America has decided: after 20 years, the US is withdrawing from Afghanistan, together with the allies who followed them there after the attacks of September 11, 2001.
What remains is a country that has not been fully controlled by any single authority for decades and that is now once again facing conflicts between rival power centers. At present, it is the radical Islamic Taliban who are reclaiming province after province, partly in bloody battles, partly without a fight, by reactivating networks that they have established in recent years.
The withdrawal of US troops is not only a turning point for Afghanistan itself, it could also shift the geopolitical weight in the region. The country, almost twice the size of Germany, has six direct neighbouring states and with Russia an indirect one, which pursue their own interests in the Hindu Kush.
Similar to the withdrawal of the Soviet Army in 1989, the withdrawal of the Western coalition now opens up a vacuum that other regional powers could fill. The situation is reminiscent of the US withdrawal from Iraq, which lasted from 2007 to 2011. At that time, it was mainly Iran that extended its political influence, and shortly afterwards the militant movement of the “Islamic State” (IS), which brought large parts of the country under its control – with dramatic consequences, far beyond Iraq.
It is still too early to predict in detail the consequences of the Western withdrawal from Afghanistan. But the motives that drive Afghanistan’s neighbors can be described. So who could be winners and losers? overview:
In principle, Iran’s government welcomes the withdrawal of Western troops from its neighborhood. As ten years ago in Iraq, it is a value in itself for Tehran that its arch-enemy, the United States, continues to withdraw from the region.
But unlike the majority Shiite Iraq, Tehran has always struggled with the majority Sunni Afghanistan, especially the Taliban. If they fill the vacuum left by Western troops, it will be “a recipe for a new war in Afghanistan,” Iran’s Foreign Minister Javad Zarif warned in April. The states of the region could not bear any further burden. Since the Soviet invasion of Afghanistan, hundreds of thousands, according to the government even millions, have fled to Iran.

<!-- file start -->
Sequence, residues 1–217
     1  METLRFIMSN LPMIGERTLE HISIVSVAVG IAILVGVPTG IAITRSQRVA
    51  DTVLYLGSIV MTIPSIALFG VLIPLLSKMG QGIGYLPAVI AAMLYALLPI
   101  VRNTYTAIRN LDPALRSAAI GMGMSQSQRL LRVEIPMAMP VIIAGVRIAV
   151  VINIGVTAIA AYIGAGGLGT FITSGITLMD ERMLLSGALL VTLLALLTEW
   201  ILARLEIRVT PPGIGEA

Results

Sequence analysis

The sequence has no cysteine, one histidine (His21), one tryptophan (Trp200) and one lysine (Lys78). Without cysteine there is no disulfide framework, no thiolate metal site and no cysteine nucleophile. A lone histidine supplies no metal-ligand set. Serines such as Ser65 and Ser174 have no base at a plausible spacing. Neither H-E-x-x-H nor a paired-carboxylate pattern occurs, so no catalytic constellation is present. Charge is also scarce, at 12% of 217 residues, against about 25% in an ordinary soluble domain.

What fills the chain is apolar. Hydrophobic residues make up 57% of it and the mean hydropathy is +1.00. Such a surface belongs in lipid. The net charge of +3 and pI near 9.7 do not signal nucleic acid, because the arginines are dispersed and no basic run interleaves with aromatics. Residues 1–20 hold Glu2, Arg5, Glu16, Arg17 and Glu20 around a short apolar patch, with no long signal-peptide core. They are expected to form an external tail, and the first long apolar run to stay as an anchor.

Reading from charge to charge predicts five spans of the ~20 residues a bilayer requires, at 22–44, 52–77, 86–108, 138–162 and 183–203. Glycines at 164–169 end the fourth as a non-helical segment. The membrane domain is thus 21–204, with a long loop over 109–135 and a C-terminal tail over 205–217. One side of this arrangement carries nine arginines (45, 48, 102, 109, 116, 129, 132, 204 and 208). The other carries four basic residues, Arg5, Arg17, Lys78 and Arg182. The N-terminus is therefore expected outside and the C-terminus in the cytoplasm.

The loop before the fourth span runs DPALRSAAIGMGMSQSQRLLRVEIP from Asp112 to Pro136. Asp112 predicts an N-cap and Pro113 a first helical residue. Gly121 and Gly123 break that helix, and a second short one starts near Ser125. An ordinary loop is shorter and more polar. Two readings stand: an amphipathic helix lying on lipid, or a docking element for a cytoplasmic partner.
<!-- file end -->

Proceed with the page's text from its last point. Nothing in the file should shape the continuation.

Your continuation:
The leadership does not yet agree on whether the withdrawal of the West has more advantages or disadvantages for Iran. Iran’s services, including the Revolutionary Guard (Pasdaran), have maintained contacts with individual Taliban factions for years, especially in western Afghanistan. They seem to be counting on reducing the influence of even more radical groups in Afghanistan. Another camp, like the conservative daily “Jomhouri Eslami”, warns in principle against the “Taliban terrorists” across the border.
Pakistan has much better relations with the Taliban than Iran – and traditionally bad relations with the Afghan government. Kabul, for example, has not yet come to terms with the so-called Durand line, which was drawn between the British Empire and the Emirate of Afghanistan at the end of the 19th century and now forms the border with Pakistan. Afghanistan will “never recognize” this border, said then-President Hamid Karzai in 2017.
At first glance, the weakening of the Afghan government and the rise in power of the Taliban after the withdrawal of US troops therefore play into the hands of Islamabad. But the Taliban is a difficult and by no means docile partner even for Pakistan. The stronger they become, the less influence Pakistan will have on them. Islamabad’s support for other radical groups has also strained its relationship with the United States and Pakistan’s rival India.